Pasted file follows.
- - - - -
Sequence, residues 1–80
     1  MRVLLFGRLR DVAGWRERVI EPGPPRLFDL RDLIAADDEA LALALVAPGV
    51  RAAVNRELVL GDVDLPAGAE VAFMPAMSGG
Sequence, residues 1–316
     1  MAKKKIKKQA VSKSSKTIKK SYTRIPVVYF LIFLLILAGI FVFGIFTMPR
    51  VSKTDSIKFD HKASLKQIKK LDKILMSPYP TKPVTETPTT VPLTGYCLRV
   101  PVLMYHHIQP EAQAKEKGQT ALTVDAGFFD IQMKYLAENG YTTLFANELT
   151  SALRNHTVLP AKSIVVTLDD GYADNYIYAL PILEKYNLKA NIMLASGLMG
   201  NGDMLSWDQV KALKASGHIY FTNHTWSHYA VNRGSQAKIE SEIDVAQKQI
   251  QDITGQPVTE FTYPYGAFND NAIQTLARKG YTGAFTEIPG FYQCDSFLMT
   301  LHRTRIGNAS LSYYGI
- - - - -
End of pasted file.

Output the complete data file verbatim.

Sequence, residues 1–80
     1  MRVLLFGRLR DVAGWRERVI EPGPPRLFDL RDLIAADDEA LALALVAPGV
    51  RAAVNRELVL GDVDLPAGAE VAFMPAMSGG
Sequence, residues 1–316
     1  MAKKKIKKQA VSKSSKTIKK SYTRIPVVYF LIFLLILAGI FVFGIFTMPR
    51  VSKTDSIKFD HKASLKQIKK LDKILMSPYP TKPVTETPTT VPLTGYCLRV
   101  PVLMYHHIQP EAQAKEKGQT ALTVDAGFFD IQMKYLAENG YTTLFANELT
   151  SALRNHTVLP AKSIVVTLDD GYADNYIYAL PILEKYNLKA NIMLASGLMG
   201  NGDMLSWDQV KALKASGHIY FTNHTWSHYA VNRGSQAKIE SEIDVAQKQI
   251  QDITGQPVTE FTYPYGAFND NAIQTLARKG YTGAFTEIPG FYQCDSFLMT
   301  LHRTRIGNAS LSYYGI